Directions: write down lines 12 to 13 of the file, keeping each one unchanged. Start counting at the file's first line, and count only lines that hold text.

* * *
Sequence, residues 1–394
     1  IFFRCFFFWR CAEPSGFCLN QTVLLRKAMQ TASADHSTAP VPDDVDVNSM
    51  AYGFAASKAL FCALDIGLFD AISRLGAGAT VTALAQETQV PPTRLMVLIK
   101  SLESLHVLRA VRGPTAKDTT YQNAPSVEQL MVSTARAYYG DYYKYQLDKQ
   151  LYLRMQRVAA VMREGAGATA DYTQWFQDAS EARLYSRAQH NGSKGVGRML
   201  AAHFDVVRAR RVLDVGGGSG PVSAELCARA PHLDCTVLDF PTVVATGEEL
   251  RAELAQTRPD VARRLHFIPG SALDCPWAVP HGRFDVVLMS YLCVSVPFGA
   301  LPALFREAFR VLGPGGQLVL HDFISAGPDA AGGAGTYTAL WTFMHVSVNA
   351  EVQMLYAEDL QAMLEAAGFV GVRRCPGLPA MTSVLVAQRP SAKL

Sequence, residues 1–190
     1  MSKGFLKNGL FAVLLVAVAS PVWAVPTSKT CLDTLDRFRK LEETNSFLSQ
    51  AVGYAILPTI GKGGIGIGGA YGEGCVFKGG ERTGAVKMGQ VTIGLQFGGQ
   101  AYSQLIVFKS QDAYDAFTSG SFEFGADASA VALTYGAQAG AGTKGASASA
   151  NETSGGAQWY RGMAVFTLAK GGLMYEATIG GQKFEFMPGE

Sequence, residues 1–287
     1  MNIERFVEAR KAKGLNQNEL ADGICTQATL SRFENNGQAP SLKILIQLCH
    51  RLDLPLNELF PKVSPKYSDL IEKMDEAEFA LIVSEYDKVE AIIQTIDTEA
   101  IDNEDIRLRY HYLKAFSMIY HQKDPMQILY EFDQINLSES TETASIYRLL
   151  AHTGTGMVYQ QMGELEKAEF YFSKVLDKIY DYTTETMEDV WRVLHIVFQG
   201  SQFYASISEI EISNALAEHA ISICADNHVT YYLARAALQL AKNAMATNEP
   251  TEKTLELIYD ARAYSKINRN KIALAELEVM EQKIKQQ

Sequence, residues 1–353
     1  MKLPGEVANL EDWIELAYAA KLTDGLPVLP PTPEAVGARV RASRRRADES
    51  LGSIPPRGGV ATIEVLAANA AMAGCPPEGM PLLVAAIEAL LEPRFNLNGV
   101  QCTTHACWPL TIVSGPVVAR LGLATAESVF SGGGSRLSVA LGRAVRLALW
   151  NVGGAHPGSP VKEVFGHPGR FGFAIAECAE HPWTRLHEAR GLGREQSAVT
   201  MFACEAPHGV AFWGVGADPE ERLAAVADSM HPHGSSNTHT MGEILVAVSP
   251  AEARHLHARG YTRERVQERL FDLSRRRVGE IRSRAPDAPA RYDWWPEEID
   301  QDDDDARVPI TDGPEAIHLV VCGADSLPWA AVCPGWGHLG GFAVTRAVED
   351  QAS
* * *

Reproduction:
    51  AVGYAILPTI GKGGIGIGGA YGEGCVFKGG ERTGAVKMGQ VTIGLQFGGQ
   101  AYSQLIVFKS QDAYDAFTSG SFEFGADASA VALTYGAQAG AGTKGASASA